DateTime Management

Up until release 1.5.0, backtrader used a direct approach to time management in that whatever datetime was calculated by data sources was simply used at face value.

And the same for any user input like in the case of the parameter fromdate (or sessionstart) which can be given to any data source

The approach was fine given the direct control over frozen data sources for backtesting. It was easy to assume that the input datetimes had already been taken care of before they entered the system.

But with 1.5.0, live data sources are supported and this forces to take into account datetime management. Such management would not be needed if the following were always true:

  • A trader in New York trades the ES-Mini. The time zone for both in US/Eastern (or one of the aliases)
  • A trader in Berlin trades the DAX future. In this case for both the CET (or Europe/Berling) timezone applies

The direct input-output datetime approach from above would work, becase the trader, in Berlin for example, could always do something like this:

class Strategy(bt.Strategy):

    def next(self):

        # The DAX future opens at 08:00 CET
        if self.data.datetime.time() < datetime.time(8, 30):
            # don't operate until the market has been running 30 minutes
            return  #

The problem with the direct approach surfaces when the same trader in Berlin decides to trade the ES-Mini. Because the change to from DST happens at different point in time in the year and this causes the time difference to be out of sync a couple of weeks during the year. The following wouldn’t always work:

class Strategy(bt.Strategy):

    def next(self):

        # The SPX opens at 09:30 US/Eastern all year long
        # This is most of the year 15:30 CET
        # But it is sometimes 16:30 CET or 14:30 CET if a DST switch on-off
        # has happened in the USA and not in Europe

        # That's why the code below is unreliable

        if self.data.datetime.time() < datetime.time(16, 0):
            # don't operate until the market has been running 30 minutes
            return  #

Operation with timezones

To solve the aforementioned situations and still remain compatible with the direct input-output time approach, backtrader offers the end user the following

Datetime Input

  • As a default the platform will not touch the datetime provided by a data source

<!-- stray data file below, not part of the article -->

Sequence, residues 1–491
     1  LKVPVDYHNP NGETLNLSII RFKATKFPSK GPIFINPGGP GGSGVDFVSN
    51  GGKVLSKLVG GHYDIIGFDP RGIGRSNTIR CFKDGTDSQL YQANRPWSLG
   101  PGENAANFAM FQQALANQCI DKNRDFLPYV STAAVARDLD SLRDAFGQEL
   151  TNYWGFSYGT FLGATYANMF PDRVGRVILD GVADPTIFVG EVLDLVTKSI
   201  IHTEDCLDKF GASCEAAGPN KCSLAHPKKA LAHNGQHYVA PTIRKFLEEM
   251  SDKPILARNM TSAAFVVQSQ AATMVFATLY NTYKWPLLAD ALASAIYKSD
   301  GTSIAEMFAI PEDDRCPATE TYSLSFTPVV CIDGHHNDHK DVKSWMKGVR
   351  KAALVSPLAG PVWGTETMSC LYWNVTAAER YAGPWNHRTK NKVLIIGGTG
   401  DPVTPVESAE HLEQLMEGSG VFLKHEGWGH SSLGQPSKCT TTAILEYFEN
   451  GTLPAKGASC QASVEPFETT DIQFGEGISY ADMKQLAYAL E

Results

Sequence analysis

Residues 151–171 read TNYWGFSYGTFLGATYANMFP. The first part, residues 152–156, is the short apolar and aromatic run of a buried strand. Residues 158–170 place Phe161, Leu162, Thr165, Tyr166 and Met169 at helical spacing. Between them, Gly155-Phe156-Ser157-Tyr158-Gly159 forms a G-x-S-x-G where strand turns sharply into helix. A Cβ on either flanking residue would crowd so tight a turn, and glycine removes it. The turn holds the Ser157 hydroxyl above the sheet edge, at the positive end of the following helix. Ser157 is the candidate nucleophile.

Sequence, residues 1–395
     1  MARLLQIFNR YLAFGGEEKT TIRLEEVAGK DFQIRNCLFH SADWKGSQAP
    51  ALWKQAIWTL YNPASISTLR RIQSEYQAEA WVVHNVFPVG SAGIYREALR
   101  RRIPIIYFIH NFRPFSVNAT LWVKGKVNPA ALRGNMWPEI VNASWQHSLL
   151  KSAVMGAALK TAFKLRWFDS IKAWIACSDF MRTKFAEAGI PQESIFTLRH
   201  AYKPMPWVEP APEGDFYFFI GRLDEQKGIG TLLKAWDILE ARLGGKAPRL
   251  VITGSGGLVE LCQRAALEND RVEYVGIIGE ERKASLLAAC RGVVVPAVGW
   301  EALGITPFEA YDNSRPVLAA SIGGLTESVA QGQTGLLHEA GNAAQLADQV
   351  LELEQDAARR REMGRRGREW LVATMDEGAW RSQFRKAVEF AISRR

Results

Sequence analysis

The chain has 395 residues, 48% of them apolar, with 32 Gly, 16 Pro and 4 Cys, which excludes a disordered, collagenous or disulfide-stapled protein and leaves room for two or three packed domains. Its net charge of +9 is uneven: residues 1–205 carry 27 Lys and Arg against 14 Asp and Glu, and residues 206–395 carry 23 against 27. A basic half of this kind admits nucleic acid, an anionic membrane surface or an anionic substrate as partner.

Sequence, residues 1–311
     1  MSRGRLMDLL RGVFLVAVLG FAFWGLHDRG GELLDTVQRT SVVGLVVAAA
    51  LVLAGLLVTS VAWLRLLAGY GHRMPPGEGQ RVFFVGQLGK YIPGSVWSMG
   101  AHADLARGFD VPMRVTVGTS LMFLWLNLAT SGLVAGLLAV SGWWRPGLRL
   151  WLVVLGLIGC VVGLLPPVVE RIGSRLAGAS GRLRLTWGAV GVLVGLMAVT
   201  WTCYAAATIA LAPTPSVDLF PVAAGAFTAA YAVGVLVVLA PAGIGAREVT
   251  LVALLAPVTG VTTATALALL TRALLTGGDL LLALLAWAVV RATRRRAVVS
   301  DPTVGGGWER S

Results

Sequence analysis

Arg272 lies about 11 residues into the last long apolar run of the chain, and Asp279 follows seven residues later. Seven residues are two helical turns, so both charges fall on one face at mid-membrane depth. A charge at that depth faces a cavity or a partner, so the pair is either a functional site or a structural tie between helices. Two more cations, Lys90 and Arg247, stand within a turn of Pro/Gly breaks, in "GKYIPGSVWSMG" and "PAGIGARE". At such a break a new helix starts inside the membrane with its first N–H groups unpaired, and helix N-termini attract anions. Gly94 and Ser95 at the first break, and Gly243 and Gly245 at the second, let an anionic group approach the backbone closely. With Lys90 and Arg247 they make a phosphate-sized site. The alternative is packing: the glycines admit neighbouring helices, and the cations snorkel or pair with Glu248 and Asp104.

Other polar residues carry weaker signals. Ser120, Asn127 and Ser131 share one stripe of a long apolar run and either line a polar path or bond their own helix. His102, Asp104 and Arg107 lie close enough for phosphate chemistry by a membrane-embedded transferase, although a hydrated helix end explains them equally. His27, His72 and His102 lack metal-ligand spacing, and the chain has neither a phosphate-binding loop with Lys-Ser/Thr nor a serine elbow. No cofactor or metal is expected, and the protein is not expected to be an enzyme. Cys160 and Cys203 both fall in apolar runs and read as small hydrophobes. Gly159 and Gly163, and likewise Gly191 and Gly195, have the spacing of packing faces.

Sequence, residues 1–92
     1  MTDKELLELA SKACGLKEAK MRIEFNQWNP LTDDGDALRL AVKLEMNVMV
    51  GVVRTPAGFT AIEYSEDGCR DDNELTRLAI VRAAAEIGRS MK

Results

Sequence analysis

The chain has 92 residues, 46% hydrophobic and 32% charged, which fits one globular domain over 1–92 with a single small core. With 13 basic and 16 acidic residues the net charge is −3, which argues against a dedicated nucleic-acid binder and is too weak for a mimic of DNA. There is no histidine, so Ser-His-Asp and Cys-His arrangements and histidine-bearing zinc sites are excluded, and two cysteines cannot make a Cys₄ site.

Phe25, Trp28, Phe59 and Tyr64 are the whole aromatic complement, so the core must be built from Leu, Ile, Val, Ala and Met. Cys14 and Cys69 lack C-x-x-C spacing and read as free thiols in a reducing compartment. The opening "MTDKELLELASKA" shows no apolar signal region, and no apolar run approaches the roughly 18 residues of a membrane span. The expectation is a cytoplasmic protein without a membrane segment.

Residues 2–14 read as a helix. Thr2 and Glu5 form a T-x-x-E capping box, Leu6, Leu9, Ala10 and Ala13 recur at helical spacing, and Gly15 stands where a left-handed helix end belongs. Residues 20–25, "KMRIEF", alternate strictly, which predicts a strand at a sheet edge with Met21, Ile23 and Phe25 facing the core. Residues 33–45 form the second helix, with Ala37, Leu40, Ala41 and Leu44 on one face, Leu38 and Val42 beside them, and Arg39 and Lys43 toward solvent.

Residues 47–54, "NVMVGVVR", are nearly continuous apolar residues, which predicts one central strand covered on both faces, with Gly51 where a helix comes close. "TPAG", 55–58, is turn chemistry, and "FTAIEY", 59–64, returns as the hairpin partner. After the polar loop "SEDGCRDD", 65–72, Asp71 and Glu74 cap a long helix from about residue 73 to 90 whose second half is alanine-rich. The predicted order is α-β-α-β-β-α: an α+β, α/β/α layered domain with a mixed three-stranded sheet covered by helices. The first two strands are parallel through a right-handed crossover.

• The end-user can override this input by:
      • Providing a tzinput parameter to the data source. This must be an object compatible with the datetime.tzinfo interface. Most likely the user will provide a pytz.timezone instance

    With this decision the time used internally by backtrader is considered to be in UTC-like format, ie:

    • If the data source has already stored it in UTC format
    • After a conversion through tzinput
    • It’s not really UTC but it’s the reference for the user, hence UTC-like

Datetime output

  • If the data feed can automatically determine the timezone for the output, this will be the default

    This makes sense in the case of live-feeds and especially in use cases like the one in which a trader in Berlin (CET timezone), trades products with US/Eastern timezone.

    Because the trader gets always the right time and in the example above the opening time remains constant at 09:30 US/Eastern, rather than 15:30 CET most of the year, but sometimes 16:30 CET and sometimes 14:30 CET.

  • If it cannot be determined, then the output will be whatever was determined during input (the UTC-like) time

  • The end user can override and determine the actual timezone for the output

    • Providing a tz parameter to the data source. This must be an object compatible with the datetime.tzinfo interface. Most likely the user will provide a pytz.timezone instance

Note

Input fromt the user like for example the parameters fromdate or sessionstart are expected to be in sync with the actual tz, be it automatically calculated by the data source, supplied by the user or left as default (None, which means direct input-output of datetime)

With all that in mind let’s recall the Berlin trader, trading in US/Eastern:

import pytz

import bt

data = bt.feeds.MyFeed('ES-Mini', tz=pytz.timezone('US/Eastern'))

class Strategy(bt.Strategy):

    def next(self):

        # This will work all year round.
        # The data source will return in the frame of the 'US/Eastern' time
        # zone and the user is quoting '10:00' as reference time
        # Because in the 'US/Eastern' timezone the SPX index always starts
        # trading at 09:30, this will always work

        if self.data.datetime.time() < datetime.time(10, 0):
            # don't operate until the market has been running 30 minutes
            return  #

In the case of a data source which can automatically determine the output timezone:

import bt

data = bt.feeds.MyFeedAutoTZ('ES-Mini')

class Strategy(bt.Strategy):

    def next(self):

        # This will work all year round.
        # The data source will return in the frame of the 'US/Eastern' time
        # zone and the user is quoting '10:00' as reference time
        # Because in the 'US/Eastern' timezone the SPX index always starts
        # trading at 09:30, this will always work

        if self.data.datetime.time() < datetime.time(10, 0):
            # don't operate until the market has been running 30 minutes
            return  #

Even less work than above.

Obviously MyFeed and MyFeedAuto in the example above are just dummy names.

Note

At the time of writing the only data source included in the distribution which can automatically determine the timezone is the one connecting to Interactive Brokers